The implantation of bioresorbable scaffolds (BRS) alters the local hemodynamic environment. Computational fluid dynamics (CFD) allows evaluation of local flow pattern, shear stress (SS) and Pressure_distal/ Pressure_approximal (Pd/Pa). The accuracy of CFD results relies to a great extent on the reconstruction of the 3D geometrical model. The aim of this study was to develop a new approach for in vivo reconstruction of coronary tree and BRS by fusion of Optical Coherence Tomography (OCT) and X-ray angiography. Ten patients enrolled in the BIFSORB pilot study with BRS implanted in coronary bifurcations were included for analysis. All patients underwent OCT of the target vessel after BRS implantation in the main vessel. Coronary 3D reconstruction was performed creating two geometrical models: one was angiography model and the other was OCT model with the implanted BRS. CFD analysis was performed separately on these two models. The main vessel was divided into portions of 0.15 mm length and 0.15mm arc width for point-perpoint comparison of SS between the two models. Reconstruction of the implanted BRS in naturally bent shape was successful in all cases. SS was compared in the matched 205463 portions of the two models. The divergence of shear stress was higher in the OCT model (mean±SD: 2.27 ± 3.95 Pa, maximum: 142.48 Pa) than that in the angiography model (mean±SD: 2.05 ± 3.12 Pa, maximum: 83.63 Pa). Pd/Pa values were lower in the OCT model than in the angiography model for both main vessels and side branches (mean±SD: 0.979 ± 0.009 versus 0.984 ± 0.011, and 0.951 ± 0.068 versus 0.966 ± 0.051). Reconstruction of BRS in naturally bent shape after implantation is feasible. It allows detailed analysis of local flow pattern, including shear stress and Pd/Pa in vivo.
Proc. SPIE. 9786, Medical Imaging 2016: Image-Guided Procedures, Robotic Interventions, and Modeling
KEYWORDS: Image visualization, 3D acquisition, Data modeling, Visualization, X-rays, Arteries, 3D modeling, Angiography, X-ray imaging, Image-guided intervention, 3D image processing, Information visualization, Data fusion
Coronary Artery Disease (CAD) results in the buildup of plaque below the intima layer inside the vessel wall of the coronary arteries causing narrowing of the vessel and obstructing blood flow. Percutaneous coronary intervention (PCI) is usually done to enlarge the vessel lumen and regain back normal flow of blood to the heart. During PCI, X-ray imaging is done to assist guide wire movement through the vessels to the area of stenosis. While X-ray imaging allows for good lumen visualization, information on plaque type is unavailable. Also due to the projection nature of the X-ray imaging, additional drawbacks such as foreshortening and overlap of vessels limit the efficacy of the cardiac intervention. Reconstruction of 3D vessel geometry from biplane X-ray acquisitions helps to overcome some of these projection drawbacks. However, the plaque type information remains an issue. In contrast, imaging using computed tomography angiography (CTA) can provide us with information on both lumen and plaque type and allows us to generate a complete 3D coronary vessel tree unaffected by the foreshortening and overlap problems of the X-ray imaging. In this paper, we combine x-ray biplane images with CT angiography to visualize three plaque types (dense calcium, fibrous fatty and necrotic core) on x-ray images. 3D registration using three different registration methods is done between coronary centerlines available from x-ray images and from the CTA volume along with 3D plaque information available from CTA. We compare the different registration methods and evaluate their performance based on 3D root mean squared errors. Two methods are used to project this 3D information onto 2D plane of the x-ray biplane images. Validation of our approach is performed using artificial biplane x-ray datasets.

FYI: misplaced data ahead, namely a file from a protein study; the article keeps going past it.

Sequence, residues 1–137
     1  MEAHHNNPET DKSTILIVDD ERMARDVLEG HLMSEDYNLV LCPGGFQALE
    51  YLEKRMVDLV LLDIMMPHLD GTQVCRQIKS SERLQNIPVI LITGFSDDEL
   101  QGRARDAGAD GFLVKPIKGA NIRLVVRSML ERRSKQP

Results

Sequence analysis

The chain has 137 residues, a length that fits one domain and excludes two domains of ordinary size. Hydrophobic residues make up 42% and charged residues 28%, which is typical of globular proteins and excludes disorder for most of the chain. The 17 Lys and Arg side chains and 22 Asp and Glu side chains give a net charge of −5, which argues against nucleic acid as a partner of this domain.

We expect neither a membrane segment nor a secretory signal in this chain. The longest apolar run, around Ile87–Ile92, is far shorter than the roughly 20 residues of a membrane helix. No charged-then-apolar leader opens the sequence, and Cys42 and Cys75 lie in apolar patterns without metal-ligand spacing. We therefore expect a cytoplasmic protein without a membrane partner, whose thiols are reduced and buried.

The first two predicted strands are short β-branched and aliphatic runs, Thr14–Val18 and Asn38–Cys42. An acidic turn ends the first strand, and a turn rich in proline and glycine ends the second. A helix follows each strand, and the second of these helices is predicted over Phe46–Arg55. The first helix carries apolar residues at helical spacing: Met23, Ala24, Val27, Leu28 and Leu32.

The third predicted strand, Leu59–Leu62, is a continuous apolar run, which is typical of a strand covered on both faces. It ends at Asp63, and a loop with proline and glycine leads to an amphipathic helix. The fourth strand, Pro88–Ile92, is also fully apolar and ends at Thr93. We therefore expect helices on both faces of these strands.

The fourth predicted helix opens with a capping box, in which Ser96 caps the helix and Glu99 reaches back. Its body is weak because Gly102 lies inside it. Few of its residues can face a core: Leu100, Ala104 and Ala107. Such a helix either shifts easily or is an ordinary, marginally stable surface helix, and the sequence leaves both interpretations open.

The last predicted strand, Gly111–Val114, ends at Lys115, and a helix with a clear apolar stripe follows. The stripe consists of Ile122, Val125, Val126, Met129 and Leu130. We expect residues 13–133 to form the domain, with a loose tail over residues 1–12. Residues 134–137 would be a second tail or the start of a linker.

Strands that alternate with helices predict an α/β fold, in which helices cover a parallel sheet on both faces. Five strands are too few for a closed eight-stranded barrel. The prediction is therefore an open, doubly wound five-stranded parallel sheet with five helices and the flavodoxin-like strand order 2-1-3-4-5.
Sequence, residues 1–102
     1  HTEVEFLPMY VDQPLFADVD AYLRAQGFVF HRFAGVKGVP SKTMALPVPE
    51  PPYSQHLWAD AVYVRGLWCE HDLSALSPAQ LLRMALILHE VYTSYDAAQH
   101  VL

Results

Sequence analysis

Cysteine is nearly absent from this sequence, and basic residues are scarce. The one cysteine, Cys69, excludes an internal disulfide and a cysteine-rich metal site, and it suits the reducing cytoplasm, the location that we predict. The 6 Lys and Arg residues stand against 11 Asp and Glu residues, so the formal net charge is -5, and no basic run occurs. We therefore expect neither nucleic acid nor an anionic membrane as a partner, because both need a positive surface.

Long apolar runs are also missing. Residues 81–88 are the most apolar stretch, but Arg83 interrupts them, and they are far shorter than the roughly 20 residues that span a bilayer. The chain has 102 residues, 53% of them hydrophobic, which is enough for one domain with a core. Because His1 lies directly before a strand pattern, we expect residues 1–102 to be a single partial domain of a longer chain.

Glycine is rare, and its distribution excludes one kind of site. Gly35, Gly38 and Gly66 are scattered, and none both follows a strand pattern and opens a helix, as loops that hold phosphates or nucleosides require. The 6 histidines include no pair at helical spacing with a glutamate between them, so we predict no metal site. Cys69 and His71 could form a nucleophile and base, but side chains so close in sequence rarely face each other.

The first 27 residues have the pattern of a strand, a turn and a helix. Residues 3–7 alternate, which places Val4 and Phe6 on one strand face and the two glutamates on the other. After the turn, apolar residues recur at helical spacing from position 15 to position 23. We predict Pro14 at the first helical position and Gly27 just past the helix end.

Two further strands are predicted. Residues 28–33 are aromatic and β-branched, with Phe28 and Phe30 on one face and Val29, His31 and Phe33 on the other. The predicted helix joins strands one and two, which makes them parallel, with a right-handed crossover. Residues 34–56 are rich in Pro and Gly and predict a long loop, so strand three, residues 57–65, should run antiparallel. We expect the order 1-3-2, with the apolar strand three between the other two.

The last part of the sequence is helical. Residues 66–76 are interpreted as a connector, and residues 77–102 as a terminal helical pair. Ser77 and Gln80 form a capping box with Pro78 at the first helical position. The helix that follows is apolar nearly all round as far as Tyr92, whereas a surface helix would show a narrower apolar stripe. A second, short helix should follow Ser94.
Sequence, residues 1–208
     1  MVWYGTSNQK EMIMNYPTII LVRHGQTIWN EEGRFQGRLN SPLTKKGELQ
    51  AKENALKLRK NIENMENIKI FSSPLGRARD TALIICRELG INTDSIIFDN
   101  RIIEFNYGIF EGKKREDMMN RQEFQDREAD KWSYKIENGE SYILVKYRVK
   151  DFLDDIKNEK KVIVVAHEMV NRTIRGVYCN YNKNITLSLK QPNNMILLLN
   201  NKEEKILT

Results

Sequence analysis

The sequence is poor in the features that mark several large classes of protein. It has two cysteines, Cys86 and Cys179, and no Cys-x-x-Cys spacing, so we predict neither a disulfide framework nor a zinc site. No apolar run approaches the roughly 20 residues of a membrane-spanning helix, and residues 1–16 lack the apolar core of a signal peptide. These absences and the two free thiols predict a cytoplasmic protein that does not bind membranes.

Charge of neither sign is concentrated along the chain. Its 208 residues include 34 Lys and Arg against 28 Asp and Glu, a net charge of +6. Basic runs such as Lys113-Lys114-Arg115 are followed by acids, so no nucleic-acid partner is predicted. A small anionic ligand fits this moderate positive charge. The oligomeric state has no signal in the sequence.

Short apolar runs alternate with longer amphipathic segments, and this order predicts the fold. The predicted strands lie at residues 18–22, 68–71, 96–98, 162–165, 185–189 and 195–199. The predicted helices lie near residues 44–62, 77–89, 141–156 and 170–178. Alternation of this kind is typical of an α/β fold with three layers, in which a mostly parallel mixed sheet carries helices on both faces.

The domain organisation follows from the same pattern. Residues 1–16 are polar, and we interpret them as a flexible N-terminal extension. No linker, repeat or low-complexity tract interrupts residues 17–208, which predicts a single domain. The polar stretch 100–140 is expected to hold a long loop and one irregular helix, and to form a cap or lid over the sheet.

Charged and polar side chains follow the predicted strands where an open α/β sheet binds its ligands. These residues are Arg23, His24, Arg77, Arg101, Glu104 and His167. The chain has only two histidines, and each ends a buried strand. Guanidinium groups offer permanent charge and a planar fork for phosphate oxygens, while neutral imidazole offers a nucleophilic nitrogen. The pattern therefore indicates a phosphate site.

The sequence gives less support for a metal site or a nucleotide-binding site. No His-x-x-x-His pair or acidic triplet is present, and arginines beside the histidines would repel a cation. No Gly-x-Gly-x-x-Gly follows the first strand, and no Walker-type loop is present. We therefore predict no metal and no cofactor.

The inhibitory interaction has long been observed in the lateral eye of the Limulus and been integrated into mechanism
of enhancing contrast. When applying to the enhancement of low-contrast image for segmenting interested objects, the
original lateral inhibition model will simultaneously amplify noises while enhancing edges contrast. This paper presents
a new lateral inhibition model, which is called Stick-Guided Lateral Inhibition, for enhancement of low-contrast image
so that week edges may exert a stronger force to catch the boundary of targets in the latter segmentation. First, the guided
inhibition term is introduced as a general framework for improving the performance of lateral inhibition models in the
presence of noises. Then, by using asymmetric sticks to guide the inhibiting process, we are able to accentuate the
intensity gradients of image-edges and contours while suppressing the amplification of noises. Experiments on synthetic
images and remote sensor images show that our model significantly enhances low-contrast images and improves the
performance of latter segmentation.